It is extremely important, since nutrition has a direct impact on the potency of your sperm. Research shows that poor eating habits and heavy drinking, for instance, can lower the quality and quantity of sperm, making conception more difficult. And since infertility is nearly as much a man's issue as a woman's, 32 per cent of infertility problems can be traced to men (HFEA 2007: 6), a healthy diet now will boost your chances of conceiving a child. You can rekindle your love affair with fast food after your wife's pregnancy is confirmed.
Generally, it should be every bit as balanced, varied, and nutritious as a mum-to-be's diet. Specifically, as a future dad it should help if you:
• Ensure your diet includes zinc, folates (such as green leafy vegetables) and other foods rich in antioxidants, such as vitamin C. All of these help your body to make normal functioning sperm and to kill off abnormal sperm (Ebisch et al 2007). Low levels of zinc have been associated with male infertility (Chia et al 2000), and studies have shown that treatment with combined zinc sulphate and folates can improve sperm count for both fertile and infertile men (Wong et al 2002). But don't overdo it, high concentrations of zinc have also been associated with poor sperm motility (Sorensen et al 1999; Fuse et al 1999). Aim for at least 12 to 15 mg in your diet per day. Great sources of zinc include extra-lean minced beef (a 85g / 3oz serving has 4.5 mg), baked beans (a 170g / 6oz serving has 3.55mg), and dark chicken meat (2.38mg per 85g / 3oz).
Foods rich in folates include green vegetables, such as broccoli and sprouts, but it can also be found in other foods such as black eyed beans, papaya, and jacket potatoes (see our article on folic acid for mums-to-be for more ideas).
An 227g / 8oz glass of orange juice contains 124 milligrams (mg) of vitamin C. Aim for at least 60 mg daily, more (at least 100 mg) if you smoke because smoking makes you less able to absorb it (EGVM 2002: 2-3). (And if you do smoke, quit. See our lifestyle article for reasons why.)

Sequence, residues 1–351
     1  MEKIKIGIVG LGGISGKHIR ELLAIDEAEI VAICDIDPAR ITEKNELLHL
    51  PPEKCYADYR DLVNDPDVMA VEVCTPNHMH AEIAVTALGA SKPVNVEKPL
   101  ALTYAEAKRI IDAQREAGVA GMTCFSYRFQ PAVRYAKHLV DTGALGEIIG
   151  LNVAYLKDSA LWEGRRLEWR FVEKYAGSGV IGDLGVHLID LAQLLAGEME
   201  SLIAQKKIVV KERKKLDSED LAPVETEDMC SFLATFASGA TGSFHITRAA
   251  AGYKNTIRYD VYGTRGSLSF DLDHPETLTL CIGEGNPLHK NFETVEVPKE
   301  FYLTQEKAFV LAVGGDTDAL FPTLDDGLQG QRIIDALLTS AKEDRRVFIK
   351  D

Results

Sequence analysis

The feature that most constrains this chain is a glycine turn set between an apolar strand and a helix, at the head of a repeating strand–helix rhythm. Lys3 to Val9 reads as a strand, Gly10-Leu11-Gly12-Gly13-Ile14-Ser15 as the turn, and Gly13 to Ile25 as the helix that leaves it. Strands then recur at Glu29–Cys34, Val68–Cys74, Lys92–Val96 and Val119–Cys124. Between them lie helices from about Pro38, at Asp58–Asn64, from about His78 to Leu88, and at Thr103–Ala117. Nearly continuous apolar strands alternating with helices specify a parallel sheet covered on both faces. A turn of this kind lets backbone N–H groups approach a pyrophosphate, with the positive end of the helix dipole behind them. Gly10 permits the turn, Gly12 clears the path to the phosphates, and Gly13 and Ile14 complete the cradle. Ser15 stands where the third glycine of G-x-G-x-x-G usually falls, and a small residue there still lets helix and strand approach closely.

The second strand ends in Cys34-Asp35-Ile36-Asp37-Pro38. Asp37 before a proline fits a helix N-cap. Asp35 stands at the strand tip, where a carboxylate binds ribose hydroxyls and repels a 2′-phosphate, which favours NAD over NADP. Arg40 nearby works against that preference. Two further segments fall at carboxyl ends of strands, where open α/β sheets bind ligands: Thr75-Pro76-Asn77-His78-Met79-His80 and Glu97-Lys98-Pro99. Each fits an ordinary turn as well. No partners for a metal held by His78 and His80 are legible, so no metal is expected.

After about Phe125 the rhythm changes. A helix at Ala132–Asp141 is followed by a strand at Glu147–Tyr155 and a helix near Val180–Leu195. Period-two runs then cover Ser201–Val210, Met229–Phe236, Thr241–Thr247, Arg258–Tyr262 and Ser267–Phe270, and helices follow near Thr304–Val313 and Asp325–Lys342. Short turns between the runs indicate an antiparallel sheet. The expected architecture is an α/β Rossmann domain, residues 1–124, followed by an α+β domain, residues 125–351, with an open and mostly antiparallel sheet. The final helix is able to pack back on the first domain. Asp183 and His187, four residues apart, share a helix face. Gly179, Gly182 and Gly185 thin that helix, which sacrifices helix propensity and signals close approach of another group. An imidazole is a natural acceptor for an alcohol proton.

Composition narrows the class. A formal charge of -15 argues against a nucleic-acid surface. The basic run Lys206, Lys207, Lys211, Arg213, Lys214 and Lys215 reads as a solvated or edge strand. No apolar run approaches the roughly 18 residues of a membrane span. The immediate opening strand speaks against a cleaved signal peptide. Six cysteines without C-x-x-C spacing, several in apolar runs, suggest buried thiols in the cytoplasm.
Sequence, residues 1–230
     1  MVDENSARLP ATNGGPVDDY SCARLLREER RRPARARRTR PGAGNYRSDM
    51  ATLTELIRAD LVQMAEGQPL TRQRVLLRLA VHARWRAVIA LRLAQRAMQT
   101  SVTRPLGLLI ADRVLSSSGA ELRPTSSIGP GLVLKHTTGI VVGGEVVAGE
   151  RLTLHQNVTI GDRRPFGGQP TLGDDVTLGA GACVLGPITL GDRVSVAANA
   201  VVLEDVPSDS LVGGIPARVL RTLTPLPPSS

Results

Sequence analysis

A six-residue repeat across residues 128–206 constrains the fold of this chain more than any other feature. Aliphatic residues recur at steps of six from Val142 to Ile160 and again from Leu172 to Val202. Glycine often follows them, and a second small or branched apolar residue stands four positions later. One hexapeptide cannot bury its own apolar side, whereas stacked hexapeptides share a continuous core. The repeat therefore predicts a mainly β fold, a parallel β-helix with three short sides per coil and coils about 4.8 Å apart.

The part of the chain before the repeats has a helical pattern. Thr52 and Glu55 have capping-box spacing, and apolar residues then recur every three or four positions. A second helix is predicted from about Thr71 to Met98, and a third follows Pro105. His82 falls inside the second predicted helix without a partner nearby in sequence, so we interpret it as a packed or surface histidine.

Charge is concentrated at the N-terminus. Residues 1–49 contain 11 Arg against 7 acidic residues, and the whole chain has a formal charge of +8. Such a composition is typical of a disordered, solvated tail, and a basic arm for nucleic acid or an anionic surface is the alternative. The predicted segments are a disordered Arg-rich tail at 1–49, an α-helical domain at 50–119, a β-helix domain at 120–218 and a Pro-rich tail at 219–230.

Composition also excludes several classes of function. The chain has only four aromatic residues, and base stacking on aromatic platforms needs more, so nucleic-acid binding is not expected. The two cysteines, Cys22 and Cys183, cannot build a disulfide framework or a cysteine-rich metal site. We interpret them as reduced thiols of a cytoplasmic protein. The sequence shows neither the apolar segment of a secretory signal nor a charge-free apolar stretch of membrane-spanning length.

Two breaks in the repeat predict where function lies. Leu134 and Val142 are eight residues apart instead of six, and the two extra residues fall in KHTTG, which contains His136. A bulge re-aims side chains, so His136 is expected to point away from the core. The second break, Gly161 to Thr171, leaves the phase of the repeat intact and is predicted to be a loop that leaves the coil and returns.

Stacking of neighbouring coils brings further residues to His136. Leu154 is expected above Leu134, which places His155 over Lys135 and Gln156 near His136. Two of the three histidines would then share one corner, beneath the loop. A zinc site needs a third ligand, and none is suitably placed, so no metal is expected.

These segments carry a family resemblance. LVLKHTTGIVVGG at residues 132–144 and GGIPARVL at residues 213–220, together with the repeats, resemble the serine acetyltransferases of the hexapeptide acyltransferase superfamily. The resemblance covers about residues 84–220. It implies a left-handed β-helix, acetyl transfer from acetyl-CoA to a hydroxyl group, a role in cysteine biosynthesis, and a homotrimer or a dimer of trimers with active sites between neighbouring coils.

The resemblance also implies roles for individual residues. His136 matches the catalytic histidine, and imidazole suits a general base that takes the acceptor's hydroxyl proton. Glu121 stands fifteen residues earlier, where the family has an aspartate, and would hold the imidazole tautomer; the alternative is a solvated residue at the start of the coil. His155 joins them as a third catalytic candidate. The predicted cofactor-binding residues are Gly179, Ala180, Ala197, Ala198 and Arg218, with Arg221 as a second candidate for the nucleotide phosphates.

• Keep drinking coffee, if you like it. Two Brazilian studies published in 2005 confirmed earlier suspicions that caffeine could improve sperm motility (the sperm's ability to move). In one study of fertile men who were about to have a vasectomy, men who regularly drank six or more cups of coffee a day had significantly higher sperm motility than men who didn't have the coffee habit (Sobreiro et al 2005). The second study looked at infertile men and found a similar effect of regular coffee drinking associated with improved sperm motility and antioxidant levels (Pasqualotto et al 2005). Improvements in sperm motility seem to get higher as coffee intake increases but there is no evidence, as yet, that increasing your caffeine intake will definitely improve your chances of conception.
• Cut back on alcohol. While an occasional drink is generally considered safe, experts agree that drinking excessively will impair the quality of your sperm (NCCWCH 2004: 27). Heavy consumption of wine, beer or spirits affects your hormone levels resulting in decreased testosterone levels, and it also affects the ability of your testes to mature the sperm properly leading to lower sperm counts and increased numbers of abnormal sperm in semen (Emanuele and Emanuele 1998). There is no evidence that moderate drinking (within the range advised by the Department of Health of three to four units of alcohol per day for men), has any impact on male fertility (NCCWCH 2004: 27; Jensen et al 1998). Visit www.drinkaware.co.uk for more information on working out your daily alcohol intake.
Besides food, there are a host of lifestyle factors and workplace risks that can affect your fertility. Fortunately, most of these can be avoided.
The bottom line is, if you commit yourself to a few months of clean living and healthy eating (that means plenty of fruit, vegetables, whole grains, low-fat dairy products, lean meats) and a safe (though admittedly tamer) lifestyle, you'll be in top shape to father a child.
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